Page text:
Home is where familiarity is: a Syrian brings art to a refugee campAs a part of DRC’s efforts to make life in the Azrag Refugee Camp more bearable, a young father is now painting shelters in the camp, which generates an income for him and hope for others.
Mohammad believes that his talent is the only thing he can rely on after being forced to flee his home in Syria.
The 30-year-old fled to Jordan in early 2012 after it became too dangerous for him and his family to stay in their home town. At first, Mohammad and his wife were planning to fly to Lebanon to re-unite with his wife’s family, who had fled to Beirut in Lebanon. However, they decided to go to Jordan, and for the first two years, they lived in Al-Ramtha, a governorate located in the northern part of Jordan, some five kilometres from the Syrian border.
“The only reason that encouraged me to leave Syria was my family: I did not want them to live in fear”, he says.
The lifestyle and routine that the family had in Al-Ramtha town was comfortable: “everything was going according to plan, until one day, when our life completely changed”, Mohammad says. Similar to many of the more than 656,000 Syrian refugees registered in Jordan, the couple did not have possession of their civil and legal documents such as their birth and marriage certificates, and therefore they were moved to the Azraq Refugee Camp.
Life in a refugee camp
The 15 km2 stretch of land, which was opened in April 2014, is one of the two official camps hosting Syrian refugees in Jordan. It now houses more than 53,000 Syrian refugees. 58 % of them are children.
Compared to their life back in Syria and their home in Al-Ramtha, Mohammad explains how difficult it was to get used to living in a camp setting.
The father of three fears for the future of his children: all three are under the age of six and two were born in the camp. Until now, the desert and the white shelter is all they know. Mohammad tries to see the positive side of their situation and feels that perhaps it is a good challenge for his children to be living under such circumstances so they can develop the courage to face any obstacle in the future.
Mohammad continues to paint
Back in Syria, Mohammad took advantage of his talent and was able to make a living as a freelance painter. He worked in partnership with one of his close friends. “The best days were when we used to sit and work all night. I cannot find the right words to describe how beautiful those days were”, he explains, remembering the days back home.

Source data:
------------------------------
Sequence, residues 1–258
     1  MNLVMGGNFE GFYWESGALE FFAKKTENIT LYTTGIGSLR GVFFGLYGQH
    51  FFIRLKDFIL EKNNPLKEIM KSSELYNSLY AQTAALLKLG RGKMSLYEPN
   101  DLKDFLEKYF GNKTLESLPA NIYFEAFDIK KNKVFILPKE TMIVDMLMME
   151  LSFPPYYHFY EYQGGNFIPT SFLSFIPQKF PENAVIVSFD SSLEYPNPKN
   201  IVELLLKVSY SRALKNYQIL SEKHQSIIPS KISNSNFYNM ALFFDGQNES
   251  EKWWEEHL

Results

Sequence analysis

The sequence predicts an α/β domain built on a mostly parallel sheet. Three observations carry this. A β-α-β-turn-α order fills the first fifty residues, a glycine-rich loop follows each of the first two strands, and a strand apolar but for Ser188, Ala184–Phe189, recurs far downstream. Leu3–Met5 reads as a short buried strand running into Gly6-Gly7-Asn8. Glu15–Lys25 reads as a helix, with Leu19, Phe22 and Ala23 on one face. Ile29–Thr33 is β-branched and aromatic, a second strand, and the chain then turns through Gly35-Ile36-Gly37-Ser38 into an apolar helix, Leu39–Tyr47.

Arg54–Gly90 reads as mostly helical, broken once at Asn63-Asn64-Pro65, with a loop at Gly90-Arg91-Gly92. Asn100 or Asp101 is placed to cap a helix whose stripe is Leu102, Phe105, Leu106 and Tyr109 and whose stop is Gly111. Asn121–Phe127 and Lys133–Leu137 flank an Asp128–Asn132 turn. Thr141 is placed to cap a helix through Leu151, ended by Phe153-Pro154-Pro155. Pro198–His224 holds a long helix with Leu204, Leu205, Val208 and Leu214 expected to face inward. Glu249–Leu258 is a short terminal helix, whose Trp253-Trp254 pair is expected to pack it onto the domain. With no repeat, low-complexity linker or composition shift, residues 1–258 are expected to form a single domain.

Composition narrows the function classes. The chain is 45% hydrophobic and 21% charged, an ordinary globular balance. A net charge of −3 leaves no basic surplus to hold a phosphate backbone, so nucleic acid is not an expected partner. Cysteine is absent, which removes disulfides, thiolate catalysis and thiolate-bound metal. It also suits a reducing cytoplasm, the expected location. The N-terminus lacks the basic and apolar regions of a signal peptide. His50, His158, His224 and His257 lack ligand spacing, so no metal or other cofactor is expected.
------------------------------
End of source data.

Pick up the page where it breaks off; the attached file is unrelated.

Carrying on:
It was a happy day when Mohammad heard about Danish Refugee Council’s (DRC) need for artists in the camp in Jordan. He rushed to talk to the officers to find out how he could participate in the project. “Painting gives me comfort, and I will do anything to keep painting”, he says.
The young man is now working with DRC as a paid volunteer, leading a camp beautification campaign.
Bringing back the crystal vase
Mohammed’s favourite motive used to be a crystal vase. He is still painting vases but not the same way: “It is similar to the one I am painting now, but I avoid painting it perfectly as it brings back memories of my partner who I lost in the war,” he says.
As the Syrian crisis enters its sixth year, the family hopes to return, however only when it is safe to do so. The camp population continues to grow and so does the challenges to meet immediate daily needs. Mohammad is grateful for the work opportunity he has, especially that he is able to generate some income to support his family.
DRC is currently considering the possibility of Mohammad teaching an art therapy class as part of its 2017 psychosocial programme.
About the Danish Refugee Council in Azraq camp
DRC has been operating in Azraq camp since February, 2016, focusing on skills development and livelihood activities. DRC opened the first Tamkeen Livelihood Centre in Azraq Village 6 in September of last year, where more than 150 beneficiaries have received training and participated in courses that will develop their skills and generate income. In 2017, DRC will provide day-care services for all individuals engaged in the livelihood activities to increase the participation of female refugees.
Furthermore, DRC plans to open a child friendly space as well as run structured psychosocial activities for Syrian refugees. These activities help support children and young adults like Mohammad deal with the trauma, which they have experienced and to give them a safe outlet to express themselves.
Outside the camps, DRC works in host communities with refugees to secure legal documentation such as birth and marriage certificates.